11024 S. Bell Avenue
Chicago, IL 60643
Rev. Dr. Thomas Aldworth, Pastor
Rev. Millie Myren, Support Minister
Reflection August 18, 2019
"A Torrent of Tears" - by Rev. Dr. Thomas Aldworth
Some have suggested that my last Advance article, We Are Not Fixable, seemed to lack much hope. I preached a bit about where my hope lies this past Sunday, August 11, (“Naming the Unnamable” available on my Facebook personal page and our Morgan Park Baptist Church Facebook page.) In this week’s Advance, I wish to reflect a bit more on the harshness of life.
Many of us are born into this world wailing! Is this not so? Being born isn’t always easy. When I was born many years ago, I was a breech baby and the doctor told my father he might not be able to save both my mother and me. This was even before they realized I was not alone in the womb.
My twin brother was also in our mother’s womb with me. They didn’t know he was there until after I was born! Twins are always premature and often are breech since a baby‘s turning takes place late in the mother‘s pregnancy.
Life is hard is the first truth of the Buddha. A book that had a great influence on me when it was published in 1979, The Road Less Traveled by the psychiatrist M. Scott Peck, begins “Life is difficult.”
Does not life, at times, make all of us wish, along with Jeremiah, “O that my head were a spring of water, and my eyes a fountain of tears, so that I might weep day and night for the slain of my poor people!” (Jeremiah 9:1)
And yes, the times of Jeremiah were very hard times. But when are times not hard? My mother and father suffered through the hard times of the Great Depression. Many, if not most of our parents, our grandparents, our great grandparents endured hard times.
When I teach my students at Moraine Valley Community College, I’m surprised at how unaware they are of the atrocities of our own time. This past century has been an unimaginable horror, leaving a legacy of atrocity, blood lust, and destruction unparalleled in human history.
All times are hard times in terms of human cruelty but just look at the past century. We’ve had the horrors of two world wars. In World War I, over 8 ½ million people died. In World War II, almost 37 million people died. Stalin killed an estimated 40 million of his own people in the Soviet Union. Mao Zedong killed between 40 and 80 million of his own people in China. Add to this: the Armenians slaughtered by the Turks, the Cambodians slaughtered by Pol Pot and the Khmer Rouge, the atrocities of the Hutus slain by the Tutsis in Rwanda, the ethnic cleansings in Bosnia, the list goes on and on. As I mentioned in my Sunday sermon: “We are at war with each other!”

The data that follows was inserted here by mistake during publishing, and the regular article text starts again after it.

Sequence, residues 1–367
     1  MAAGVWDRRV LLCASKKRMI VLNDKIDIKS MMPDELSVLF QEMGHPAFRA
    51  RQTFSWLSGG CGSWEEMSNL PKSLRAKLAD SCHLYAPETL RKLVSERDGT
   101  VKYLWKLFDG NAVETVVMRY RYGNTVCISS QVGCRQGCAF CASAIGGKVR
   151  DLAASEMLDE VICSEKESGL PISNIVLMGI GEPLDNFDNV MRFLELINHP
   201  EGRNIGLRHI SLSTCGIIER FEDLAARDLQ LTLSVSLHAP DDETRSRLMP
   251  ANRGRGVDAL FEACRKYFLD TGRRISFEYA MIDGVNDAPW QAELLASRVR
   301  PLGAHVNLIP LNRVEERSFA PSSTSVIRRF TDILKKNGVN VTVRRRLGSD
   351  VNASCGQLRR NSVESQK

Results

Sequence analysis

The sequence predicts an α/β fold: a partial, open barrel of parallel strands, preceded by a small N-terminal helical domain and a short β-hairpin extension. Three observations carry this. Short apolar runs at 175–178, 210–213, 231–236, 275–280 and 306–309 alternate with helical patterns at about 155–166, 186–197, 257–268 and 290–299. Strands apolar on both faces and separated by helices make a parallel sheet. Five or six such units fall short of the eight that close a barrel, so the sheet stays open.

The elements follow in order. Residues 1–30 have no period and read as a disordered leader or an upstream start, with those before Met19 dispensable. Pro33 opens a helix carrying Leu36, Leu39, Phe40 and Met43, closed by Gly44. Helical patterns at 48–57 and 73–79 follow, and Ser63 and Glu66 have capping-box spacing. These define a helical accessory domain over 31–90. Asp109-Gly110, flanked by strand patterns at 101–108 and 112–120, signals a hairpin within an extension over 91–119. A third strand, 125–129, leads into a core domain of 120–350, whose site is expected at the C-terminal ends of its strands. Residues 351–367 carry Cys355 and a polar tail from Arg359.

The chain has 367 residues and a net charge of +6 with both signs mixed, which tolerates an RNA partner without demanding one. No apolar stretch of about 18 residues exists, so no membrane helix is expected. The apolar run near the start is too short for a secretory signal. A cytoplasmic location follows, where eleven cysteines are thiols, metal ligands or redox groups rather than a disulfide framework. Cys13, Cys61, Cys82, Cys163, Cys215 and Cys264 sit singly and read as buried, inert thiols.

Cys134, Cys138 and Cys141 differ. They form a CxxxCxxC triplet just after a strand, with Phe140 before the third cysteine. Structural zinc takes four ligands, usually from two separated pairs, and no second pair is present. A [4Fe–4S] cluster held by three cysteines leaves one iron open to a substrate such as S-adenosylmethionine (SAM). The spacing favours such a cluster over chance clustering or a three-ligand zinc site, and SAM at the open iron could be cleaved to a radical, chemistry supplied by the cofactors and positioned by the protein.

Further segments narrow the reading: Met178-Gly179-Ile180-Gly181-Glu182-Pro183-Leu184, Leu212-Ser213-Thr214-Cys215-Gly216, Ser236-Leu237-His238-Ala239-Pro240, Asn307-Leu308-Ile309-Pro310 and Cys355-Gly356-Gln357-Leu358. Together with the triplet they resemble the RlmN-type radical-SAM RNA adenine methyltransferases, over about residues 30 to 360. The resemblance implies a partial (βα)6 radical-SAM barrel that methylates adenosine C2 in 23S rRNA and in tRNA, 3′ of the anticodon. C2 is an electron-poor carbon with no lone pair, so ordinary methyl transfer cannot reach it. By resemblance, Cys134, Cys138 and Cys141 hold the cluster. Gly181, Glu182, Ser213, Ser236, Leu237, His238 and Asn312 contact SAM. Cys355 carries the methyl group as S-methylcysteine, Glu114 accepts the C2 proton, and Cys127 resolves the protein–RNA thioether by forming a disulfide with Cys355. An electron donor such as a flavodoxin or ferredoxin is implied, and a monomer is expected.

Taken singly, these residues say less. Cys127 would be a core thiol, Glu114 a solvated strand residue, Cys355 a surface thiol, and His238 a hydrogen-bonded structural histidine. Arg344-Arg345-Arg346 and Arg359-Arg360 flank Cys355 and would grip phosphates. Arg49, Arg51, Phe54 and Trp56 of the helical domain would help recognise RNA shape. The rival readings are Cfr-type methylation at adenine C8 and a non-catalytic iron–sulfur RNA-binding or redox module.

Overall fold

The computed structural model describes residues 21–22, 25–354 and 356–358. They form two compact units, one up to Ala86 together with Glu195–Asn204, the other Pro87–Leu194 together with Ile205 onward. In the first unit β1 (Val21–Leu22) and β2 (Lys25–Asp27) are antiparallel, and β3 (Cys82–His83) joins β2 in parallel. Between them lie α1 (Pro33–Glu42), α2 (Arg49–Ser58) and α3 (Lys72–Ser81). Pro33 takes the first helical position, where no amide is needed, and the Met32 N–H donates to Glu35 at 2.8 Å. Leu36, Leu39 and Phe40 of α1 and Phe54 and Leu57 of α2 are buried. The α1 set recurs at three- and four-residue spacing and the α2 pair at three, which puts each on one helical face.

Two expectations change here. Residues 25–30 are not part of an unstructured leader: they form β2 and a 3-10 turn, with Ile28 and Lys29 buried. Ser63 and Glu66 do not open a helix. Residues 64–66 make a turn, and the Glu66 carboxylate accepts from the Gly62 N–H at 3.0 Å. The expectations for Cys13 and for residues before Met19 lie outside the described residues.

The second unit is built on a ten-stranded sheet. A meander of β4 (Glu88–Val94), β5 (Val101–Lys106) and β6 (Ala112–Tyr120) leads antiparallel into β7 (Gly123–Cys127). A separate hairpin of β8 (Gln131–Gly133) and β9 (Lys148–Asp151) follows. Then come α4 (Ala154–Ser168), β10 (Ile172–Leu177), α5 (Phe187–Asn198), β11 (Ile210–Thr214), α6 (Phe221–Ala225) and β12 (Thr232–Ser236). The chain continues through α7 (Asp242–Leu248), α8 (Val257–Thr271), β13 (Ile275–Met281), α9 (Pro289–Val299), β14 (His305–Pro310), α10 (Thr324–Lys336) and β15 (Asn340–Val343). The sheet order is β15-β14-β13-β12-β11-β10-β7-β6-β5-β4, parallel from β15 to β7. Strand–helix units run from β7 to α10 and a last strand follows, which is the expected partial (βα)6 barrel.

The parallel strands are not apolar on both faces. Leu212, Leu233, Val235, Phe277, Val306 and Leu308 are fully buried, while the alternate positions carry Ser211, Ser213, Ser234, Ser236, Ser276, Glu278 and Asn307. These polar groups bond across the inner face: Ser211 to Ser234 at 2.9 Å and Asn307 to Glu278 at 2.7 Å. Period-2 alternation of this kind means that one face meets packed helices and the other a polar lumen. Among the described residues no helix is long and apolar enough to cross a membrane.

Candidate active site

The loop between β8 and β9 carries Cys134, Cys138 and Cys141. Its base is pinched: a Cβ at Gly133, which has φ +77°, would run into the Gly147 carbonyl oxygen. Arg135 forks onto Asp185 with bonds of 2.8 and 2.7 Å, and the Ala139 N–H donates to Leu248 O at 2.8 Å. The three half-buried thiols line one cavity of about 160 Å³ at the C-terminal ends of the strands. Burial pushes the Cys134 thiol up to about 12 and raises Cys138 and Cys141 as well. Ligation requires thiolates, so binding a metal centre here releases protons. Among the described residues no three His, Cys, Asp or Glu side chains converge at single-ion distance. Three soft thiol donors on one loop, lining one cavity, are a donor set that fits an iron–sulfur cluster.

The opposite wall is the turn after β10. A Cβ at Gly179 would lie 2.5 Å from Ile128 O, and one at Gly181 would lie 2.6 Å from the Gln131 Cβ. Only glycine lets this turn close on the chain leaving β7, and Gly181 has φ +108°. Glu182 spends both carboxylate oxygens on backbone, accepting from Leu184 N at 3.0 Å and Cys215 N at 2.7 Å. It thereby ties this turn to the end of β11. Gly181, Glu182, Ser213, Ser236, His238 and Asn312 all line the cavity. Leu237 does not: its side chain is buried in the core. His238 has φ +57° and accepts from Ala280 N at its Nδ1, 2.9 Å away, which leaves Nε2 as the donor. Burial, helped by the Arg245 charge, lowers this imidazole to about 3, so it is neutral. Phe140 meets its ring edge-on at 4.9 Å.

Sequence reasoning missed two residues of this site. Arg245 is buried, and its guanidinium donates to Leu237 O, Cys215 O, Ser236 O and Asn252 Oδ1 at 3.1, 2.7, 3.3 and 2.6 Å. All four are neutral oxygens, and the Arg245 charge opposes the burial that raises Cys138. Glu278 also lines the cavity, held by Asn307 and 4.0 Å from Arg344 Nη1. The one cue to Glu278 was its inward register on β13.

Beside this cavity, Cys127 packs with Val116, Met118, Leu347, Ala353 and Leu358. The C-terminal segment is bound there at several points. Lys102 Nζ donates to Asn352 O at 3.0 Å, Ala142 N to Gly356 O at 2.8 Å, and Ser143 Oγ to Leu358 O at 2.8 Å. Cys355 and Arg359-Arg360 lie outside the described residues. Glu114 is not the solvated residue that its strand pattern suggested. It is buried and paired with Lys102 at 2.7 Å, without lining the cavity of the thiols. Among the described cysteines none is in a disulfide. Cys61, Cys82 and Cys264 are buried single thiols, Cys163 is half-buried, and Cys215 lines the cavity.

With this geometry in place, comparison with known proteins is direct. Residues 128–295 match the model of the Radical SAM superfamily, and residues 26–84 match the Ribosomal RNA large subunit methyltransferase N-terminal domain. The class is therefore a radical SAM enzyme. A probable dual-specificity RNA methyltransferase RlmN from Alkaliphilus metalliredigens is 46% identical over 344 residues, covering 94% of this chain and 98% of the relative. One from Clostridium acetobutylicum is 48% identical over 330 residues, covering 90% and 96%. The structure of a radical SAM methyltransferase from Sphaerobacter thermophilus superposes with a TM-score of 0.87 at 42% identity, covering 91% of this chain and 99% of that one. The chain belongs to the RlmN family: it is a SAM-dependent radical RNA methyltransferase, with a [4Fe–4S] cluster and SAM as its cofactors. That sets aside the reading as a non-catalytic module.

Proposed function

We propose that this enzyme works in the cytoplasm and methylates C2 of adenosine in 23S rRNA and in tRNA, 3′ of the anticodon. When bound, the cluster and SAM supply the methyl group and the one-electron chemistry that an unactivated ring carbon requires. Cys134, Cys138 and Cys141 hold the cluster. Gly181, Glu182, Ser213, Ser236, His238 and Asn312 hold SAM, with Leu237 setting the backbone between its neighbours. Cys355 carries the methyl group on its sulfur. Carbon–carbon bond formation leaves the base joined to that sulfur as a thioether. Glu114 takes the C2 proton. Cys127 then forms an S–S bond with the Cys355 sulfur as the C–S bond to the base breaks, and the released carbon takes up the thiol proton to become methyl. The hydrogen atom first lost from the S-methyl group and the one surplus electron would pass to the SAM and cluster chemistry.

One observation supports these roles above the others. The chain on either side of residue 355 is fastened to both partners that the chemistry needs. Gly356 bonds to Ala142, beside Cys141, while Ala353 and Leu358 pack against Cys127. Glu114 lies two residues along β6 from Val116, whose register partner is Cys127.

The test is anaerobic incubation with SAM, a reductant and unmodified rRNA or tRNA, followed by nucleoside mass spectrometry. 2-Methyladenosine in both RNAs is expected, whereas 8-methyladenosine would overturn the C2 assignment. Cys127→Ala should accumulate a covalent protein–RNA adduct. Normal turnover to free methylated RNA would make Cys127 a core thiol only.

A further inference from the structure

All times are hard times. All times call for a fountain of tears. At all times, we can echo these words from the Book of Lamentations 2:11: “I have cried until the tears no longer come; my heart is broken, my spirit poured out, as I see what has happened to my people; little children and babies are fainting and dying in the streets.” (Living Bible Translation)
Is this not true in too many places today, including our own city streets? Are not little children and babies being shot down and dying on our own streets? How can we easily live in a city where children are shot playing in parks?
The author of Lamentations, by the way, is unknown but the book has long been attributed to Jeremiah. Jeremiah is the patron and prophet of lamentations, the patron and prophet of wailing. He can easily be said to be the patron and prophet of every age. Weeping and wailing is probably the only sane response to all we witness happening in our world.
Jesus wept over Jerusalem (Luke 19:41). We probably know the shortest verse in the Bible is John 11:35: “Jesus wept” over the death of Lazarus. Jesus shares in our weeping. Jesus shares in our wailing. The human condition that Jesus was born into assured weeping, assured tears would be shed. So we follow a Shepherd who is not afraid to weep!
Why are our lives filled with so many reasons for tears? Why are our lives filled with so many reasons for weeping and wailing? A congregant asked me yesterday if her grief over the death of her spouse would ever end. I told her it would not this side of the veil. All one does is get used to the pain. I grieve anew over the recently-diagnosed brain cancer afflicting our beloved Don Nelson!
I’d like to share some thoughts from the book, Going Sane, by British psychoanalyst, Adams Phillips. I don’t agree with all he says but he has some helpful insights that might help us as we make our way through this vale of tears.
He notes that we, humans, “always want more than we can have. To be human is to be too demanding.” There’s something to be said about this assessment. Phillips argues that because of our demanding nature, because we want more than we can have, disappointment and disillusionment are unavoidable.